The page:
What will you do with all of your free time once SUNY Mascot Madness 2013 is complete?

With this free time I will get back to the basics. I will work on my cheers and dances and keep myself in tip-top shape for all the teams I root for. I will work hard to earn my place in next year’s tournament and make sure I do my best to defend my crown.


And we look forward to next year’s competition with you Hugo!

Hugo Hawk with Mascot Madness championship trophy

Emily Schwartz

Written by Emily Schwartz

Emily Schwartz is the Coordinator of Open SUNY Communication and Projects.

April 5, 2013

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Bobby Hurley Named University at Buffalo Men’s Basketball Head Coach




Bobby Hurley has been named the 12th head men's basketball coach at the University at Buffalo.

Bobby Hurley has been named the 12th head men’s basketball coach at the University at Buffalo.

Bobby Hurley, one of the most iconic figures in college basketball history, has been named the 12th head men’s basketball coach at the University at Buffalo.

He joins UB from the University of Rhode Island, where he has been serving as associate head coach. He was hired as an assistant coach at Wagner College in 2010, and spent two seasons with the Seahawks, playing a critical role in rebuilding the men’s basketball team. He helped lead Wagner to a 25-6 record during the 2011-12 season – its best record in school history – before joining Rhode Island.

A first-team All-American in 1993, Hurley is best remembered for being the point guard at Duke. Hurley helped lead the Blue Devils to three Final Four appearances and consecutive national championships in 1991 and 1992. Hurley still holds the NCAA record for career assists with 1,076.

Following his outstanding career at Duke, Hurley was selected by the Sacramento Kings with the seventh pick in the 1993 NBA Draft. He went on to play five years in the NBA with the Kings and Vancouver Grizzlies.

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SUNY Oneonta Senior Sets Off on 4,200-Mile Cross-Country Bike Adventure




Jayme Haynes biking in Central Bridge on her cross country adventure

Jami Haynes sets off from her home in Central Bridge, NY, on Tuesday, May 28.

SUNY Oneonta senior Jami Haynes set off on a 4,200-mile, cross-country bike adventure today with the goal of raising awareness about the Harvest of Hope Foundation, an organization that provides emergency assistance to migrant workers and their families. Haynes, 21, accompanied by her boyfriend and sister, left early Tuesday morning from her home in Central Bridge, N.Y.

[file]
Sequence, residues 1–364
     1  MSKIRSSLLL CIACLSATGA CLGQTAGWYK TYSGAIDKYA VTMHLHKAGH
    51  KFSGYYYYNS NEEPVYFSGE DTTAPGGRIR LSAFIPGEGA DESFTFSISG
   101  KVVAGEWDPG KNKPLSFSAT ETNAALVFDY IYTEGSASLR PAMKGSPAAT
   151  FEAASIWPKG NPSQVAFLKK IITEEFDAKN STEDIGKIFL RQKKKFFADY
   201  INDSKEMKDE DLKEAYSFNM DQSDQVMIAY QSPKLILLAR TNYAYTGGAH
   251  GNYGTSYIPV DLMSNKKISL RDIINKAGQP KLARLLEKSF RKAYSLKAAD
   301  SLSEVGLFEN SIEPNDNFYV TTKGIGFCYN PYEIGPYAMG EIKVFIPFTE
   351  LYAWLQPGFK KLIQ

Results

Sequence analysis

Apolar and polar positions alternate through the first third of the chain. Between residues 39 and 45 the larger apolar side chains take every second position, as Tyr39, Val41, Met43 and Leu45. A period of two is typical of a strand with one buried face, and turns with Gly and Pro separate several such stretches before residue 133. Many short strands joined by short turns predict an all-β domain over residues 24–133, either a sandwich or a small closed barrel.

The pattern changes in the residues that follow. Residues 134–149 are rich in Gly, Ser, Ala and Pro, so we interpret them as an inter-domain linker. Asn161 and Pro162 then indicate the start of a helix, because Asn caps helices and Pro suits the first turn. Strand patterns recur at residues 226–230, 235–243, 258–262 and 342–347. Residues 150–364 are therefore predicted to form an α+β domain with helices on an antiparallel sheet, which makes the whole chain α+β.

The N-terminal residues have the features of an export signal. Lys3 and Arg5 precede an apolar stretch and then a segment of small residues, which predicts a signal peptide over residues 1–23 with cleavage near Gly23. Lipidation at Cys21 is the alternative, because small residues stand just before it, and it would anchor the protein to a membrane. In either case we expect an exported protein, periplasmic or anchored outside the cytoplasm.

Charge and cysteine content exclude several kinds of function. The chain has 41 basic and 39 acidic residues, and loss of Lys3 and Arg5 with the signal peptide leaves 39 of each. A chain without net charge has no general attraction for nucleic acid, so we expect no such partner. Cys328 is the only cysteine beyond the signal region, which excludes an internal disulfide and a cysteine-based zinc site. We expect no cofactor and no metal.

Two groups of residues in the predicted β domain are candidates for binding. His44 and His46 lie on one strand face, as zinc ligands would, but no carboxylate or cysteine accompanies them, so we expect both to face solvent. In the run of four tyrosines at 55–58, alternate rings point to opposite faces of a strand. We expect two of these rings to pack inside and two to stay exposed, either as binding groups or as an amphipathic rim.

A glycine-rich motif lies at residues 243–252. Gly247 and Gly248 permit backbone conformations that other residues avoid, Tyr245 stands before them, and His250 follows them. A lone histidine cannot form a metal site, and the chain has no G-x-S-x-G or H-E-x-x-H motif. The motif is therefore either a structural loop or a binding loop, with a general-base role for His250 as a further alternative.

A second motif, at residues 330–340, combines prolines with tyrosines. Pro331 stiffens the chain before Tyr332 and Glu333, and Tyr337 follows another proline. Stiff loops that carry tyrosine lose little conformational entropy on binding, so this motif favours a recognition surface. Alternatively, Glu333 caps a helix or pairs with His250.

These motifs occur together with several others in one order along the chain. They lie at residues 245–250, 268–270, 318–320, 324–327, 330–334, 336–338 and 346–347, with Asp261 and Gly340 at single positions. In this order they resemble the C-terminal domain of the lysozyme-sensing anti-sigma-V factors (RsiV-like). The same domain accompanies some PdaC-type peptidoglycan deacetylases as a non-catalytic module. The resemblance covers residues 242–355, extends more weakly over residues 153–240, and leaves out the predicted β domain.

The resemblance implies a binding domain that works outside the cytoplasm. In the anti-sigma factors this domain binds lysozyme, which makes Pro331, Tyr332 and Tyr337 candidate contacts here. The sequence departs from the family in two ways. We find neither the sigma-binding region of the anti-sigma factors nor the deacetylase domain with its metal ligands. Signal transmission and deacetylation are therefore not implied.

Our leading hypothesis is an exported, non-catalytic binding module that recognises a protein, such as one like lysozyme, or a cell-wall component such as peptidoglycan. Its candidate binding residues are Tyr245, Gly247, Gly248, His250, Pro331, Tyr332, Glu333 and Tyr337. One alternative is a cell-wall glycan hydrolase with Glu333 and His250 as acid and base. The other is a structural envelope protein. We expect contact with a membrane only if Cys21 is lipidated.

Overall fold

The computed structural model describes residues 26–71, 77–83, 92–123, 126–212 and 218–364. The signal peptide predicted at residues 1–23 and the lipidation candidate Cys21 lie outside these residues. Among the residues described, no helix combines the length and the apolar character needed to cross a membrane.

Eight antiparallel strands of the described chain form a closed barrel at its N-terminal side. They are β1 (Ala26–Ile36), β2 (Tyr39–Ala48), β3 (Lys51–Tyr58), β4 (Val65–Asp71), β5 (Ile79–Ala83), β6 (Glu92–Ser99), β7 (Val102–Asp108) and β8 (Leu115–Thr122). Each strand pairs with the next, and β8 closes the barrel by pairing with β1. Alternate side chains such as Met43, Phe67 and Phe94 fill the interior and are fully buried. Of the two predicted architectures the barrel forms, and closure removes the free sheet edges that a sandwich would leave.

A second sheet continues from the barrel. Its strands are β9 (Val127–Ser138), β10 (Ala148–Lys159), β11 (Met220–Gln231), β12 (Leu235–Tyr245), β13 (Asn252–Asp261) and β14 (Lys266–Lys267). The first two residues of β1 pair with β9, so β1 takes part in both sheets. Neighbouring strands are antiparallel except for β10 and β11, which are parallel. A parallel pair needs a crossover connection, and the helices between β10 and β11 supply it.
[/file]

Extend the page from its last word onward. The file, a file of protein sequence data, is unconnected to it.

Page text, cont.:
An avid runner and hiker, Haynes got the idea for the “Miles for Migrants” bike tour after Harvest of Hope founder and President Phil Kellerman visited one of her education classes, taught by Madeline Berry, this past semester. Her 20-year-old sister, Jena, signed on for the adventure, and then her boyfriend, Caleb Grippin, 23, joined the team.

Jena Haynes, Caleb Grippin, Jami Haynes with bikes

SUNY Oneonta student Jami Haynes (right) with her sister, Jena, and boyfriend, Caleb Grippin.

“I wasn’t very familiar with what a migrant farm worker was and how they contributed to American society, and I was especially touched as a future educator by the support that Harvest of Hope gives to these families and the scholarships that the foundation provides,” Haynes said.

The class did a service-learning project to benefit Harvest of Hope, and Haynes kept the momentum going. She and her sister organized a spaghetti supper, several bake sales and a raffle, as well as giving presentations about Harvest of Hope on campus and in the community. “Spreading awareness of the foundation and how it helps migrant farm workers has been extremely rewarding,” Haynes said. “The community definitely knows a lot more about the contributions of migrant workers because of this project.”

Haynes hopes to continue raising awareness by meeting with media outlets during her journey. The trio plans to ride about 60 to 80 miles per day, camping and staying with friends and family members en route to San Francisco. They have been training for the trip for about three months, logging several hundred miles of short and long rides.

The Harvest of Hope Foundation was established in 1997, when Kellerman worked at ESCORT, a migrant education resource center based at SUNY Oneonta. In addition to its affiliation with ESCORT, SUNY Oneonta has operated a College Assistance Migrant Program (CAMP) since 2001. Created in 1972, CAMP is a federally-funded scholarship program that helps students from migrant and seasonal farm-working families pursue higher education.

ESCORT senior programmer analyst Bob Thomas, a friend of Kellerman’s, loaned Haynes and her crew three touring bikes and trailers. Thomas, who completed a cross-country bicycling trip himself back in 1976, was on hand for the send-off Tuesday, offering last-minute tips and advice.

An elementary education major with a concentration in social studies, Haynes will share experiences from her trip this fall as a student teacher at Cobleskill Elementary School.

She will also chronicle her adventures throughout the 11-week journey on the blog:


SUNY Oneonta

May 28, 2013